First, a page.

After the assassination of his cousin Alessandro, the first Duke of Florence in 1537, Cosimo stepped in to fill the position. He was 18, the average age of a high school graduate today, but he knew what he had to do: Unite the people, remind them of their classical heritage, marry well, start a dynasty, and show the Holy Roman Emperor, Charles V that he was a duke to be reckoned with. Enter Agnolo di Cosimo di Mariano, better known as Bronzino.
Bronzino (Agnolo di Cosimo di Mariano), Italian, Monticelli 1503–1572 Florence, Cosimo I de’ Medici as Orpheus, 1537–39, Oil on panel, 367/8 × 301/8 in. (93.7 × 76.4 cm). Philadelphia Museum of Art; Gift of Mrs. John Wintersteen, 1950. Image: Courtesy Philadelphia Museum of Art
Cosimo I de’ Medici as Orpheus, painted between 1537 and 1539, is a showstopper. Loosely speaking, the portrait is Cosimo’s advertisement for a wife. In Greek mythology, the adolescent Orpheus was taught how to play the lyre by his father Apollo, a god esteemed by both the Greeks and the ancestors of the 16th-century Florentines, the Etruscans. The choice of Orpheus as an allegorical guise for Cosimo is puzzling. Orpheus was allowed to bring his wife, Eurydice, back from the underworld, but only if he did not turn around and look at her along the way. Unfortunately, he did, and he lost her again forever. Here, as Orpheus, Cosimo displays his musical and physical prowess. With his left hand, he holds the neck of the lyre lovingly. To quote the museum label: “His nudity and the bow between his legs introduce an overt eroticism.” The message of the portrait seems to be that Cosimo, like Orpheus, would demonstrate great devotion and diligence as a husband.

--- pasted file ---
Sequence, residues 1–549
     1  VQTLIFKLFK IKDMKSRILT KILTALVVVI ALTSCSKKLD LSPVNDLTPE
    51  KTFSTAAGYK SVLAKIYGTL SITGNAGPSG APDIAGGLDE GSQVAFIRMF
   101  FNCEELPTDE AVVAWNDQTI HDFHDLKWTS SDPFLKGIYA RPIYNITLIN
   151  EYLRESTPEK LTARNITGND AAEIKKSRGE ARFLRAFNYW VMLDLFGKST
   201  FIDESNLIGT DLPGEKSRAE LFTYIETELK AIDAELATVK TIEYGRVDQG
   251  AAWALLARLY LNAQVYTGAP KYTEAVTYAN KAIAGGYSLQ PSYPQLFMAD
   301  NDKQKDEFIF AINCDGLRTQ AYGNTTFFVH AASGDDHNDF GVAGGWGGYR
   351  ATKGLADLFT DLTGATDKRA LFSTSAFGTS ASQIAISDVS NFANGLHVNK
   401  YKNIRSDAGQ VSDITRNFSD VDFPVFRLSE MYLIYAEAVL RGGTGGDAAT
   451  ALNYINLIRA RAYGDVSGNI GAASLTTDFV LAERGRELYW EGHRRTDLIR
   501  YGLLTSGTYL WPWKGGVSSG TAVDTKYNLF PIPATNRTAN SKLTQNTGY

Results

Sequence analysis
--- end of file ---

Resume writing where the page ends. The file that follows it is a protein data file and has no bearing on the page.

The exhibit does not include the beloved portrait by Bronzino in the Nuovi Uffizi of Bianca (“Bia”), the daughter that he fathered with an unknown woman when he was about 16. Bia’s portrait, however, is painted with the same elegance and style—the blue background that radiates in a halo effect light around the head—that we see with the representations of Cosimo’s wife, Eleonora and their children in The Met show.